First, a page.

Eagle joins birds at Cody museum facility
POWELL, Wyo. (AP) — After a year and a half of anticipation and preparation, Melissa Hill's goal of adding an eagle to the birds she cares for at Buffalo Bill Center of the West became a reality in January.
Kateri, a female golden eagle, came to the center as part of the Draper Museum of Natural History's raptor education program in Cody after spending five months at the Northeast Wyoming Bird Rescue and Rehabilitation Center in Gillette. She was taken to the rehabilitation center after being struck by a vehicle — a semi-truck — on Interstate 90, said Hill, assistant museum curator, who manages the museum's Yellowstone Raptor Experience.
At the rehabilitation center, Kateri underwent surgery to repair a broken wing. But permanent muscle damage prevents her from flying well enough to survive in the wild, Hill said.
Kateri joined four other feathered residents in the mews (bird house) at the Center of the West (formerly the Buffalo Bill Historical Center) on Jan. 21: Teasdale the great-horned owl; Isham, the red-tailed hawk; Hyabusa, the peregrine falcon; and Suli, the turkey vulture. Due to injuries or other problems, each bird is unable to survive in the wild.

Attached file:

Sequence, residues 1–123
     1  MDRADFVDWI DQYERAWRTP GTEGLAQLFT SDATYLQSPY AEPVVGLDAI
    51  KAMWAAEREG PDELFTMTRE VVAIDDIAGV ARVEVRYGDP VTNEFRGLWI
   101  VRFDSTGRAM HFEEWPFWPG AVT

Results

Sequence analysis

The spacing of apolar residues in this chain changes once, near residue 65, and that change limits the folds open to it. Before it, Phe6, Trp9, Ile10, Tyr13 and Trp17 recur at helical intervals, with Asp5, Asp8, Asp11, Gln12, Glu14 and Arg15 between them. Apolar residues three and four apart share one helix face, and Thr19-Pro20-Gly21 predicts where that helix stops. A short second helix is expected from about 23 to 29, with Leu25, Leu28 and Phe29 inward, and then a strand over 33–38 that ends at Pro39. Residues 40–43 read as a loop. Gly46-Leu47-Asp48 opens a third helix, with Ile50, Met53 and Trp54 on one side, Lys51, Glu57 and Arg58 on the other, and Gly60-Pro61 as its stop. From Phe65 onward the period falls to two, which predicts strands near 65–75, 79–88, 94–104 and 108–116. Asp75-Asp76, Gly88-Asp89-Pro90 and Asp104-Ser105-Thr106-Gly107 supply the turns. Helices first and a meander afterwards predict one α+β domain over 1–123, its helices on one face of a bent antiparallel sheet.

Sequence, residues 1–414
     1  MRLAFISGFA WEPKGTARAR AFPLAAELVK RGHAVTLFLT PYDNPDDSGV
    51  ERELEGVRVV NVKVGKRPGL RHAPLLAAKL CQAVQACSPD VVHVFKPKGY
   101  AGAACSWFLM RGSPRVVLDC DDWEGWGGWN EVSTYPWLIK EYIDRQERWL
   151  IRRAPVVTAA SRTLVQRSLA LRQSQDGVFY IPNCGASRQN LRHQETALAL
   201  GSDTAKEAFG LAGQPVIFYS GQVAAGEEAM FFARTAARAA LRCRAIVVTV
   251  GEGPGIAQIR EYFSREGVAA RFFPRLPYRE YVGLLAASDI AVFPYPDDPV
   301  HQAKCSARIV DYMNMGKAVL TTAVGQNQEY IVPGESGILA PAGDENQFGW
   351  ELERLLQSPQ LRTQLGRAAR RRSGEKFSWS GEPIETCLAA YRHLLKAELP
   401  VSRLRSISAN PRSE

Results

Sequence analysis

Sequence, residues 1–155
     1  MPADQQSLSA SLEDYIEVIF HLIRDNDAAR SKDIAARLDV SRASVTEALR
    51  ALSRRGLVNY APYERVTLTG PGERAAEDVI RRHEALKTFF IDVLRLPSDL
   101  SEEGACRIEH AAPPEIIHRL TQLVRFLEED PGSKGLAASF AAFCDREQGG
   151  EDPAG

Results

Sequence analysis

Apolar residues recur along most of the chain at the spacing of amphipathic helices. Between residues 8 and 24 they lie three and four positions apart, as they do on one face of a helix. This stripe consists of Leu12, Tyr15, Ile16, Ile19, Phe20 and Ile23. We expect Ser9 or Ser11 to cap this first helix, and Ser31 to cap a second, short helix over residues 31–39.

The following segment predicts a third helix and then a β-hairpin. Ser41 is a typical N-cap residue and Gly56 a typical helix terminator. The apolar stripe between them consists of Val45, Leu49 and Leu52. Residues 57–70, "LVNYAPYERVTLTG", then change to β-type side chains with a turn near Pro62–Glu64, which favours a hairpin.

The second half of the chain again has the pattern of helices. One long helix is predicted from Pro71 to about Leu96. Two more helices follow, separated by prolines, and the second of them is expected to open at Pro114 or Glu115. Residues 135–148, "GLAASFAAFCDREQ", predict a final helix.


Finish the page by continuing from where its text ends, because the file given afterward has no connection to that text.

Each bird has its own roomy enclosure in the mews, large enough for a person to walk in, interact and handle the bird safely, and to accommodate the bird's wingspan, which in Kateri's case is estimated at about 7 feet.
Hill's preparation for an eagle for the Yellowstone Raptor Experience began long before Kateri's arrival.
"It's a really difficult process (to apply for a permit) for an eagle versus the others," Hill said. "It's a completely different application, and there's a lot more to it. I had to detail all of my previous eagle experience. You have to prove you have worked with them before and are capable and competent to work with one."
In addition, Hill had to provide detailed plans and dimensions for the bird's enclosure, down to the type of perch she would use, and she also was required to describe the educational program, as well as how she would integrate the eagle into the program.
Hill said she also had to have verification from other people that she was capable and qualified to handle the eagle.
Hill has worked with raptors since 1997, beginning with the Laramie Raptor Refuge when she was a student at the University of Wyoming. She later worked with raptors at Reptile Gardens in Rapid City, S.D., and at HawkQuest in Parker, Colo.
Hill finally got the go-ahead for an eagle in January.
Kateri got her name from 8-year-old Chloe Hanson of Cody, who submitted the winning entry in a contest to name the eagle. The name remembers Kateri Tekakwitha (1656-1680), who is honored as the patron saint of people who love nature, work in ecology and work to preserve the natural and human environments, according to information on the center's website.
Hill said identifying Kateri's gender was easy, since she weighs about 12.5 pounds.
"Males are much smaller, usually 8 or 9 pounds," Hill said. "Females in the wild are usually 10 to 11 (pounds). She's just a big golden."
Kateri eats 10-12 ounces of meat — generally rat or rabbit — daily. When the weather is nice, she'll eat less because she won't need extra energy to stay warm.
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